Magyar Nemzet columnist Levente Sitkei looks at the reasons why Hungary was the only European Union member state whose foreign minister was present at the signing of the peace agreements between Israel, the United Arab Emirates and Bahrain in a deal brokered by the United States.
It is always much more comfortable to march with the crowd than to go your own way. Because, if we as a community consider something as either good or bad, our voices are amplified, and marching together gives the impression that we belong to a solid bloc where everyone is good friends. In this scenario, we protect each other from the external enemy, and we believe in each other.
This has for Hungary been the case for some time. But at the same time, this group security is also quite deceptive. Our weakness is hidden by the companions marching next to us, and sometimes we can only shout with half a heart someone else’s slogans, because we don’t quite believe them.
In such cases, it is preferable to be alone and go our own way, the one we truly believe in.
Hungary believes that the Middle East has come a long way with the peace agreement signed by Israel, the United Arab Emirates and Bahrain. Accordingly, Hungary’s foreign minister, Peter Szijjártó, was present at the signing of the historic document in Washington, as opposed to other EU foreign ministers.
And this was a strategic decision. Hungary is not bound by anything in the diplomatic field — and while it is just as loyal a member of the European Union as it has been before — it will not commit itself solely to any one nation or community. And this attitude has produced some spectacular results as of late.
We can remember the years of hesitant diplomacy, when Hungary abhorred loneliness and quietly slipped into the sea of the European Union, looking for supporters in hopes that the strength of the big boys would lend us confidence.
But it always turned out that no one would help in Hungary out of mere kindness and sympathy.
The peace agreement is indeed an extremely important step in the Middle East, with long-term consequences. We don’t know how that traditionally complex, overly-complicated and blood-soaked region will change, but change it will, as result of this accord.
And we are part of this change because being an active participant in the global diplomatic puzzle is important to Hungary as well. This shows that a nation of 10 million can influence history given enough determination, faith and by not automatically adopting the stance of the major players.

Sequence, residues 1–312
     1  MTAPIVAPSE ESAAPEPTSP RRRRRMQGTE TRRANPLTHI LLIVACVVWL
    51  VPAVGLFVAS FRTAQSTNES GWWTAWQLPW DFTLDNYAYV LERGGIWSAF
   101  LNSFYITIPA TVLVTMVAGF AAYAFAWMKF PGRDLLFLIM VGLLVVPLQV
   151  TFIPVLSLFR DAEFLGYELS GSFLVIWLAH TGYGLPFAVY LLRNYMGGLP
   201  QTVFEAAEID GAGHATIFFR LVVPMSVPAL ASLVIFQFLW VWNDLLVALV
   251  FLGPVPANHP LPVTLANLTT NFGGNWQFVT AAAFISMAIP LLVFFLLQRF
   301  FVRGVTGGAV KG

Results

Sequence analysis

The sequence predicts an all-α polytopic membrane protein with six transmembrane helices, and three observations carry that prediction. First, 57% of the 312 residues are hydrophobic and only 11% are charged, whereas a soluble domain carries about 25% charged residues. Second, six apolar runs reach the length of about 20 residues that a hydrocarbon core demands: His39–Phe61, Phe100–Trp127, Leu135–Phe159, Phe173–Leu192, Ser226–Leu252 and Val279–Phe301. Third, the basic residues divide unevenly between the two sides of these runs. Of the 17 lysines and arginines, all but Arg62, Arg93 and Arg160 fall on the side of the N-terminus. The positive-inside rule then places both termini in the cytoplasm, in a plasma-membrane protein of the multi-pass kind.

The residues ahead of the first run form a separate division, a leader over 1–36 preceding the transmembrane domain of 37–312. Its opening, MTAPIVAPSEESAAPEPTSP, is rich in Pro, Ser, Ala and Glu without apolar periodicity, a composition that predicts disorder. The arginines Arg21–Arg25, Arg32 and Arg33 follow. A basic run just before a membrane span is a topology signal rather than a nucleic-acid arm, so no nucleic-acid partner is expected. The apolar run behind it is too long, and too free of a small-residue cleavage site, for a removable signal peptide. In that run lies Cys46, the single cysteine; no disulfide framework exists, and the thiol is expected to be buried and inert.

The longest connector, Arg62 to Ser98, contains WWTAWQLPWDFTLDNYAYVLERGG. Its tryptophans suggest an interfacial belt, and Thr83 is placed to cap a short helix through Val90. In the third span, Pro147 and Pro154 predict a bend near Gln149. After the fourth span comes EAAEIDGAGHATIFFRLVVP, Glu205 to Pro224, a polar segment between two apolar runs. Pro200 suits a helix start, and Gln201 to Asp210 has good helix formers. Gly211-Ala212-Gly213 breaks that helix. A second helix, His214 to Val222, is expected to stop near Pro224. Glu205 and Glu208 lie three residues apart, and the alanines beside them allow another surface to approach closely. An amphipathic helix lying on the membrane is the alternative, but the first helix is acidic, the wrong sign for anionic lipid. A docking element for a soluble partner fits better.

Obviously, there is an inherent risk in all such decisions, but with careful consideration, the risks can be minimized.
Hungary does not fashion its foreign policy decisions depending on what others say, but it has rather picked up the pace of the world and is able to show direction to others as well. There is an alternative for countries Hungary — there always will be — as the strength of any given country is not only assessed by others on the sole basis of its economic performance or the number of its soldiers, but there is also value in initiative and speed.
In the latter area, Hungary is at the forefront of the world, and in the former it is catching up.
And the foundation for all that is the fact that Hungary is carefully considering the merits of marching in a crowd. It has decided, at least for the time being, that it rejects being a nameless part of what amounts to sweet nothingness, as it did from the Cold War-era through communism to the late Socialist reign.
In those times, every Hungarian leader was oh-so-happy to have been noticed by the strong men of the Soviet Union or any other major power. Still today, a generation of internationalist politicians would want to see us remaining a colorless and obedient market of 10 million consumers.
But we are not, This is our homeland. The only one.
Title image: A woman wearing a face mask against the coronavirus pandemic walks past American, United Arab Emirates, Israel and Bahraini flags at the Peace Bridge in Netanya, Israel, Monday, Sept. 14, 2020. For the first time in more than a quarter-century, a U.S. president will host a signing ceremony between Israelis and Arabs at the White House, billing it as an “historic breakthrough” in a region long known for its stubborn conflicts. (AP Photo/Ariel Schalit)